(pp. 79-98)

    Morel mushrooms are easily identified by their pitted, spongelike cap and hollow interior. Nothing else quite resembles a morel during spring—the season for morels. There are basically three distinct species of true morels in Illinois and all of them can be incredibly hard to spot among forest leaves, which adds to their legendary mystique. The flavor can be marvelous, making the hunt for morels a pursuit of culinary passion. Some mushroom hunters seem to be better than others at finding morels. It takes years of experience, good eyesight that’s trained for the hunt, and humble patience. Being really lucky...

  10. 5 The Chanterelles Cantharellus cibarius, Cantharellus lateritius, Cantharellus cinnabarinus, Craterellus cornucopioides, and Craterellus foetidus
    (pp. 99-118)

    Chanterelles have a reputation bordering on the impossible. They can’t possibly be as good as their reputation implies. Yet great chefs everywhere worship chanterelles—a truly wild mushroom that cannot yet be cultivated. People chatter with excitement whenever chanterelles are in season, which is all summer. Maybe it’s because certain chanterelles are so easy to find. Their golden radiance gives them away from a long distance—plus, they can fruit in dazzling, massive colonies, like stars on the forest floor. When chanterelles are in season, you’ll find plenty to eat. Unless, that is, you’re hoping for the totally impossible-to-see Craterellus...

  11. 6 The Boletes Xanthaconium separans, Strobilomyces spp., and Gyroporus castaneus
    (pp. 119-128)

    There’s really no point here in attempting to describe the often-tiny differences between the hundreds of unique species of mushrooms commonly known as boletes. This book is for beginners, so we’ll start with basics: Boletes have a stem and a cap, just like the majority of mushrooms on the ground. The common feature among all boletes is that there are pores on the underside of the cap, not gills. Technically, those pores are really the ends of tiny tubes crowded together. But let’s skip ahead to what’s really important.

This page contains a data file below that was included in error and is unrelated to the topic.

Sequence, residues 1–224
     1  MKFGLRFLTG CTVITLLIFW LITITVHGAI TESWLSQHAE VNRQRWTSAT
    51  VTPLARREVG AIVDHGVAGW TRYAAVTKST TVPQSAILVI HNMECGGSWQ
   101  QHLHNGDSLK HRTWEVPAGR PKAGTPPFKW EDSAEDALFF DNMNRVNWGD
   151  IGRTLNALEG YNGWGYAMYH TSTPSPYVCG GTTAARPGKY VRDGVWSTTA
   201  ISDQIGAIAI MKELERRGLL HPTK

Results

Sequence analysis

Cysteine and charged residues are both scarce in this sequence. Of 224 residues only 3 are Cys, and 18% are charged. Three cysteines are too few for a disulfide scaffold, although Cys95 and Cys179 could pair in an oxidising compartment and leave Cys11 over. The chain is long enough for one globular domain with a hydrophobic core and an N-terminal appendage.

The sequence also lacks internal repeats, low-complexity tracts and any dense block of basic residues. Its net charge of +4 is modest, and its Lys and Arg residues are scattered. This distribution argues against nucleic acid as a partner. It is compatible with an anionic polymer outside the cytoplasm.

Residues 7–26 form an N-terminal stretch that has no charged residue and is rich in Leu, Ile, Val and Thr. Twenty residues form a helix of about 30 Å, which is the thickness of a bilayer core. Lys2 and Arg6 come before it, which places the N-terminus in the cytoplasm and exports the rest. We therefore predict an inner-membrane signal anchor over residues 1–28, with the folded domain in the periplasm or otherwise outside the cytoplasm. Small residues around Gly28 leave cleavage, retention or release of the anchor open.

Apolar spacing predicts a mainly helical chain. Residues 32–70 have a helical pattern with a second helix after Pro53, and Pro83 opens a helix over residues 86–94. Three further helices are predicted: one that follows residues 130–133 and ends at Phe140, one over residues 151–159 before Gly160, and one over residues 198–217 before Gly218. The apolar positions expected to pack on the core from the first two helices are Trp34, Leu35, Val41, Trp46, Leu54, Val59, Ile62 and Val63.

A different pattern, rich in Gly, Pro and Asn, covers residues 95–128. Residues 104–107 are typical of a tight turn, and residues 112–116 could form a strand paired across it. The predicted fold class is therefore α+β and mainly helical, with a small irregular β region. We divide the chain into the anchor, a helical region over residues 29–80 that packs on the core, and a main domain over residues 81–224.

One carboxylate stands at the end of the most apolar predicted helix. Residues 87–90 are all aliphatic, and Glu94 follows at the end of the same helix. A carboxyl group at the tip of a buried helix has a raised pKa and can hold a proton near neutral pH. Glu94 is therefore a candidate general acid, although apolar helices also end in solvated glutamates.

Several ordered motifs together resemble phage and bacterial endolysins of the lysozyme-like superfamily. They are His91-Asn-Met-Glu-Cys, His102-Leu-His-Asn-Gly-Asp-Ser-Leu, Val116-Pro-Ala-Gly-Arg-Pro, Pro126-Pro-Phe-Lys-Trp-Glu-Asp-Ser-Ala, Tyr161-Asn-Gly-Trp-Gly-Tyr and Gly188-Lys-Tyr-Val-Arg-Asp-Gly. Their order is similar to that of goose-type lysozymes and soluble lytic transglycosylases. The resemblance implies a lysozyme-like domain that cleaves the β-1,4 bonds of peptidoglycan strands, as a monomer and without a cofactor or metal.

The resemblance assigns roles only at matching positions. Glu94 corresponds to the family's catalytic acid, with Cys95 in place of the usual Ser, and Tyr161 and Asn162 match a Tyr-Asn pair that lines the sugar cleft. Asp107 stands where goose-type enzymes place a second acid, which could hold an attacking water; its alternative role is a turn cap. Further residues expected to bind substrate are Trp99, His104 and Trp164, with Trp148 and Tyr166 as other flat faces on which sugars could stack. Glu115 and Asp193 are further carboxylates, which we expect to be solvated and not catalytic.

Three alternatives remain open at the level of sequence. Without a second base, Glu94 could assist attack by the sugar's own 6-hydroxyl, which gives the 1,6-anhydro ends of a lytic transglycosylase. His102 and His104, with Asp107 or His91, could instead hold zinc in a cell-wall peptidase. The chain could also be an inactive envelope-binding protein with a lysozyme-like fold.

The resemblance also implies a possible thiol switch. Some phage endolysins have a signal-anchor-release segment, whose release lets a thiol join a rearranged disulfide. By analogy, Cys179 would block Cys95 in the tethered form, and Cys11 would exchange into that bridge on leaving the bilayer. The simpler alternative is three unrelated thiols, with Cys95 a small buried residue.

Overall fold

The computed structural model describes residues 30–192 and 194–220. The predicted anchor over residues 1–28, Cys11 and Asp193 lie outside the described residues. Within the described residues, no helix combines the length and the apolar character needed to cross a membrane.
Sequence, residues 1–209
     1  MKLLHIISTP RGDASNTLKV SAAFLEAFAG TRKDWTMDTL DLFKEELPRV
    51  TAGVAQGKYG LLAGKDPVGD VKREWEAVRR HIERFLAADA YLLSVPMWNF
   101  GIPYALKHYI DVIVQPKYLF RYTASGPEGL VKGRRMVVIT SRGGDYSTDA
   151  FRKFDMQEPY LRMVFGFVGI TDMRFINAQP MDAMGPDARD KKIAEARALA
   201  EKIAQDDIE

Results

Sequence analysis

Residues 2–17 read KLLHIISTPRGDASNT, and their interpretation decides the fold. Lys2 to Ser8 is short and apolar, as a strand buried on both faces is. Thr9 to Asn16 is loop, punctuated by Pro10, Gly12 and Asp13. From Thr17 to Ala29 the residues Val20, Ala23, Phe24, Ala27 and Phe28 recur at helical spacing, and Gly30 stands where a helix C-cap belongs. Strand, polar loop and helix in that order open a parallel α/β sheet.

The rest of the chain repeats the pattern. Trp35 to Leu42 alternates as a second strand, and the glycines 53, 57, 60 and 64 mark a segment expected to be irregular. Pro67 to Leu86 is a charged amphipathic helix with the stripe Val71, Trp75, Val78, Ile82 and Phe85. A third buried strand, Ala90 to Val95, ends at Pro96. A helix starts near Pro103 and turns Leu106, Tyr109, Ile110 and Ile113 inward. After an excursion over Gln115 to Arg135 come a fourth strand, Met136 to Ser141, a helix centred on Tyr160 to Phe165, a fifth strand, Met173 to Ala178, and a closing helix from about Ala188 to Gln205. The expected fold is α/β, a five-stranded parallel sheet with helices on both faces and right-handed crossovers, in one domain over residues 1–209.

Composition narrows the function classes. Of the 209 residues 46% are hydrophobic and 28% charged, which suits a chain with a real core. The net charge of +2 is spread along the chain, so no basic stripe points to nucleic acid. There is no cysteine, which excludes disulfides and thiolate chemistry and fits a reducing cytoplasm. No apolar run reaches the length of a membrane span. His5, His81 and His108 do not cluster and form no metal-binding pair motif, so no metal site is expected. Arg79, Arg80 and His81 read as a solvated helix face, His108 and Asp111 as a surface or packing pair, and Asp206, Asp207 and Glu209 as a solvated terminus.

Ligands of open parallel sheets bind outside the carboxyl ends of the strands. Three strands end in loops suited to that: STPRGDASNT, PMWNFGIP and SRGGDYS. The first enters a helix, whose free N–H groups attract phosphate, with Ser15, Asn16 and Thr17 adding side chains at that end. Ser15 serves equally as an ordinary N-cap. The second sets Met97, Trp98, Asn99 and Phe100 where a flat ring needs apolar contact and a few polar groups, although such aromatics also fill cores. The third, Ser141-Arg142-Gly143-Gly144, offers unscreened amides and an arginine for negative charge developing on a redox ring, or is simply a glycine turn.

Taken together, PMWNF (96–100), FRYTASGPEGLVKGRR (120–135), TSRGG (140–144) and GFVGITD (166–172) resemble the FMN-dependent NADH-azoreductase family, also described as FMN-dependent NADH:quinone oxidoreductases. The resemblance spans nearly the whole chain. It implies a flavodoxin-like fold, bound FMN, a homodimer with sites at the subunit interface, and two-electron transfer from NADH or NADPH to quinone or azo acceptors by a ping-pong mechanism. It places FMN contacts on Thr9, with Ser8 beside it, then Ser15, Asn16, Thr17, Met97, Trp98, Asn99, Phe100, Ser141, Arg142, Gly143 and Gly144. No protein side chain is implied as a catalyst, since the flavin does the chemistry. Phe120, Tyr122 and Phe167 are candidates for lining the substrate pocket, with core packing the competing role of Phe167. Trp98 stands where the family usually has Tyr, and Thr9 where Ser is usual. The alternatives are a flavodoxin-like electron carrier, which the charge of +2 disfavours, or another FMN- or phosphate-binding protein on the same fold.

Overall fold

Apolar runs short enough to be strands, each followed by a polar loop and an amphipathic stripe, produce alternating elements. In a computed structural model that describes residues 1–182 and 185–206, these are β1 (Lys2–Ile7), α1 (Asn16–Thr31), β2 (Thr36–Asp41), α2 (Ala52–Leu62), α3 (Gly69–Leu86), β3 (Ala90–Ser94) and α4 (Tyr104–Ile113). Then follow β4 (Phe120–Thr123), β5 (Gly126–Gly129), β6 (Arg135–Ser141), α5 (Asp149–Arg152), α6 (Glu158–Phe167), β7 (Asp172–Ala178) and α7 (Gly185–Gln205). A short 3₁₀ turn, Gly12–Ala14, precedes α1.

There are no deadly poisonous boletes known to exist. Some toxic...

  12. 7 The Puffballs Calvatia gigantea, Lycoperdon pyriforme, Lycoperdon perlatum, Calvatia cyathiformis, and Calvatia craniformis
    (pp. 129-136)

    You’ve seen and kicked puffballs when they’re really old: A puff of dusty spores billows out. Maybe you kicked twice, just for fun. What you’re doing is what puffballs actually require because puffballs produce their spores on the inside, which means they depend on something or someone bumping into them to release their captive spores. Alas, that dependency doesn’t always work out for puffballs, because sometimes people find puffballs when they’re still young and fresh—perfectly white inside—and take those puffballs home and cook them up.

    Somebody in New York once found a puffball more than 5 feet across,...

  13. 8 Take the Field without Getting Hurt Agaricus, Coprinus, Macrolepiota, and Lepiota
    (pp. 137-158)

    The first mushrooms we ever noticed as kids were probably on our lawn. But, even as children, we already knew not to pick those mushrooms. Since toddlerhood, we’d been taught that nobody should ever touch or eat a wild mushroom.

    They could kill you.

    Kill you,” Mother repeated. It’s the first time she ever shook a finger at us. And so we listened. But the truth is this: Some mushrooms growing on your front lawn are perfectly edible, and quite delicious. It’s true. But some of the mushrooms on your front lawn are also poisonous. As a matter of fact,...

  14. 9 Let’s Eat Recipes and Advice for Cooking Wild Mushrooms
    (pp. 159-204)

    Part of the joy of eating wild mushrooms is discovering the wildly different flavors and textures among the various species. Not all mushrooms taste alike. Some have absolutely no comparison whatsoever. It’s like discovering there are actually other kinds of fruit besides tangerines, or other kinds of meat besides what’s inside hot dogs. Prepare yourself for a big change as you sample the mushrooms in this book. If you think you know mushrooms based on your experience with marketplace exotics such as Portobella or Shiitake, you have so much more to discover. In this chapter we present to you twenty-eight...

  15. Index
    (pp. 205-210)
  16. Back Matter
    (pp. 211-215)